A Christmas poem for our troops

A Different Christmas Poem[FONT=Verdana] [/FONT]




The embers glowed softly, and in their dim light,
I gazed round the room and I cherished the sight.
My wife was asleep, her head on my chest,
My daughter beside me, angelic in rest.
Outside the snow fell, a blanket of white,
Transforming the yard to a winter delight.[/FONT][FONT=Verdana] [/FONT][FONT=Arial][/FONT]

The sparkling lights in the tree I believe,
Completed the magic that was Christmas Eve.
My eyelids were heavy, my breathing was deep,
Secure and surrounded by love I would sleep.
In perfect contentment, or so it would seem,
So I slumbered, perhaps I started to dream.[/FONT][FONT=Verdana] [/FONT][FONT=Arial][/FONT]

The sound wasn’t loud, and it wasn’t too near,
But I opened my eyes when it tickled my ear.
Perhaps just a cough, I didn’t quite know, Then the
sure sound of footsteps outside in the snow.
My soul gave a tremble, I struggled to hear,
And I crept to the door just to see who was near.[/FONT][FONT=Verdana] [/FONT][FONT=Arial][/FONT]

Standing out in the cold and the dark of the night,
A lone figure stood, his face weary and tight.
A soldier, I puzzled, some twenty years old,
Perhaps a Marine, huddled here in the cold.
Alone in the dark, he looked up and smiled,
Standing watch over me, and my wife and my child.[/FONT][FONT=Verdana] [/FONT][FONT=Arial][/FONT][FONT=Verdana]
“What are you doing?” I asked without fear,
“Come in this moment, it’s freezing out here!
Put down your pack, brush the snow from your sleeve,
You should be at home on a cold Christmas Eve!”
For barely a moment I saw his eyes shift,
Away from the cold and the snow blown in drifts. [/FONT][FONT=Arial][/FONT][FONT=Verdana]
To the window that danced with a warm fire’s light
Then he sighed and he said, “Its really all right,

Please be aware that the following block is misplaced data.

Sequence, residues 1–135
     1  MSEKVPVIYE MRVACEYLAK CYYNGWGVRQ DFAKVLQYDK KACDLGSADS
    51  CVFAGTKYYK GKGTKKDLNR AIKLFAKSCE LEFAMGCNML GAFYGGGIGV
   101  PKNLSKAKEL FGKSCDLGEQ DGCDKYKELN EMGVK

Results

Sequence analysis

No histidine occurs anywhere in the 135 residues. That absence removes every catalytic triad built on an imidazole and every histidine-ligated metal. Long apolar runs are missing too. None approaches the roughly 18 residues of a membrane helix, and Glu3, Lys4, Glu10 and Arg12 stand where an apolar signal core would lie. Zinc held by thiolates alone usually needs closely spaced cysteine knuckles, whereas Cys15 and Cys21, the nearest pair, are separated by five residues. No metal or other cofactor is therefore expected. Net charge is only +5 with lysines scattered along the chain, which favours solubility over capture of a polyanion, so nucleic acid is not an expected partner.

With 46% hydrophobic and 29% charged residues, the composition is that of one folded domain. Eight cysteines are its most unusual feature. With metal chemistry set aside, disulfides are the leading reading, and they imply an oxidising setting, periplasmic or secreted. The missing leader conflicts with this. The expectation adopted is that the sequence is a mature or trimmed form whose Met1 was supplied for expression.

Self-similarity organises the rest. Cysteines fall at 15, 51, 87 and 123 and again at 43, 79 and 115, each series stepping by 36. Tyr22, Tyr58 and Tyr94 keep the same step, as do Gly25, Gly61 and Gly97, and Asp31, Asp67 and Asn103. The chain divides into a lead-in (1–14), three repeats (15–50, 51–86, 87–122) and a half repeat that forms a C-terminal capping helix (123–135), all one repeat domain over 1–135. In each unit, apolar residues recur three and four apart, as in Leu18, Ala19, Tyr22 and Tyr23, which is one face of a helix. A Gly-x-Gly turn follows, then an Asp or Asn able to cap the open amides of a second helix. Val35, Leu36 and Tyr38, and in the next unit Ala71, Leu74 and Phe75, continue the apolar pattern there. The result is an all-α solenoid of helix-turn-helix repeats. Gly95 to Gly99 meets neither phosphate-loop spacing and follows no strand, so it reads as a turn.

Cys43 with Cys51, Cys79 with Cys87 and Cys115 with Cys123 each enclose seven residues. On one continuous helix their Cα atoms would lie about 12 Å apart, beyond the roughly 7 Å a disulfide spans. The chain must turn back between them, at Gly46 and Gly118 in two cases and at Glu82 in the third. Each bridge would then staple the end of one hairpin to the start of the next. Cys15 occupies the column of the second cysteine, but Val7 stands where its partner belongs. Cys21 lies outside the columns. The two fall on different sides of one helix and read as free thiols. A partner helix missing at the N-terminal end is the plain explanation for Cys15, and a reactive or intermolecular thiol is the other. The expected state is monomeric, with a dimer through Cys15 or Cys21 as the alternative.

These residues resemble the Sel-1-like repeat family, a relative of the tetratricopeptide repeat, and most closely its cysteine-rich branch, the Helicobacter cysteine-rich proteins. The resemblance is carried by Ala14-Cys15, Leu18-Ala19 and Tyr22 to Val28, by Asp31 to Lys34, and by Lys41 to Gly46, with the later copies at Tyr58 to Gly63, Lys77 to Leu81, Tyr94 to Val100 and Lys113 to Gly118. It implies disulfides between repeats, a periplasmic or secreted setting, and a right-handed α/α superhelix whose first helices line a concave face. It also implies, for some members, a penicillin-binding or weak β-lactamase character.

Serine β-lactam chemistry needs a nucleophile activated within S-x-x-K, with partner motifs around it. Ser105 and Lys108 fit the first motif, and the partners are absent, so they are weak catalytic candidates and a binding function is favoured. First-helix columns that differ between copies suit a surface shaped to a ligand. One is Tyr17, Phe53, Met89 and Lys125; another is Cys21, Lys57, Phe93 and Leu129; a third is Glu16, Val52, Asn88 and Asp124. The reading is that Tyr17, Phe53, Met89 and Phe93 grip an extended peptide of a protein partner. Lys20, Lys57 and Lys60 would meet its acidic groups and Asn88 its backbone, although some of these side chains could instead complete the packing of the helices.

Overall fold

I’m out here by choice. I’m here every night.
“It’s my duty to stand at the front of the line,
That separates you from the darkest of times. [/FONT][FONT=Arial][/FONT][FONT=Verdana]
No one had to ask or beg or implore me,
I’m proud to stand here like my fathers before me.
My Gramps died at ’ Pearl on a day in December,”
Then he sighed, “That’s a Christmas 'Gram always remembers.”
My dad stood his watch in the jungles of ’ Nam ',
And now it is my turn and so, here I am. [/FONT][FONT=Arial][/FONT][FONT=Verdana]
I’ve not seen my own son in more than a while,
But my wife sends me pictures, he’s sure got her smile.”
Then he bent and he carefully pulled from his bag,
The red, white, and blue… an American flag.
“I can live through the cold and the being alone,
Away from my family, my house and my home.[/FONT][FONT=Verdana] [/FONT][FONT=Arial][/FONT][FONT=Verdana]
I can stand at my post through the rain and the sleet,
I can sleep in a foxhole with little to eat.
I can carry the weight of killing another,
Or lay down my life with my sister and brother…
Who stand at the front against any and all,
To ensure for all time that this flag will not fall.”[/FONT][FONT=Verdana] [/FONT][FONT=Arial][/FONT][FONT=Verdana]
“So go back inside,” he said, “harbor no fright,
Your family is waiting and I’ll be all right.”
"But isn’t there something I can do, at the least,
“Give you money,” I asked, “or prepare you a feast?
It seems all too little for all that you’ve done,
For being away from your wife and your son.” [/FONT][FONT=Arial][/FONT][FONT=Verdana]
Then his eye welled a tear that held no regret,
“Just tell us you love us, and never forget.
To fight for our rights back at home while we’re gone,
To stand your own watch, no matter how long.
For when we come home, either standing or dead,
To know you remember we fought and we bled.
Is payment enough, and with that we will trust,
That we mattered to you as you mattered to us.”

PLEASE, would you do me the kind favor of sending this to as many
people as you can? Christmas will be coming soon and some credit is due to our
service men and women for our being able to celebrate these
festivities. Let’s try in this small way to pay a tiny bit of what we owe. Make people